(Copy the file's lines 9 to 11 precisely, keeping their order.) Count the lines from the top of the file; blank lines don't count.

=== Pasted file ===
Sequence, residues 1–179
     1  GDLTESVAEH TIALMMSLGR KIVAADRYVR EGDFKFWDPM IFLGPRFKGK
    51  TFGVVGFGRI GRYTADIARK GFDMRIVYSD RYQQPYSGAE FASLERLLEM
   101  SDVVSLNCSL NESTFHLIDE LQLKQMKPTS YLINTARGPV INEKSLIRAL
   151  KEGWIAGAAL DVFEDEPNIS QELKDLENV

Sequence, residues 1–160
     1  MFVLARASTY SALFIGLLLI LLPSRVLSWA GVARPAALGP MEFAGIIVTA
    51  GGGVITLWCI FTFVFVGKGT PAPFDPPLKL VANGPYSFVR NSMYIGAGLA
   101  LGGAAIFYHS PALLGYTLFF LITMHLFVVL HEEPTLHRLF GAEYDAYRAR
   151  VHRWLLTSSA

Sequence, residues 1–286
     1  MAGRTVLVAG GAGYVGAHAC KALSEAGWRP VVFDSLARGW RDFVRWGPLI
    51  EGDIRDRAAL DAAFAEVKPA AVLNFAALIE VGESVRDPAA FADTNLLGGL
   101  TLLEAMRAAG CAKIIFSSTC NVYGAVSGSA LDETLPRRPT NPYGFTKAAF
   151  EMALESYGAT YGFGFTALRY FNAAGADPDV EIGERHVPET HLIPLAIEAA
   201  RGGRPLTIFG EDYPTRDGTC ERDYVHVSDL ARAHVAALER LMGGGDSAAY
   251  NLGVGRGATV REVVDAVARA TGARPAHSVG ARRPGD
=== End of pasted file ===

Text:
   101  LGGAAIFYHS PALLGYTLFF LITMHLFVVL HEEPTLHRLF GAEYDAYRAR
   151  VHRWLLTSSA

Sequence, residues 1–286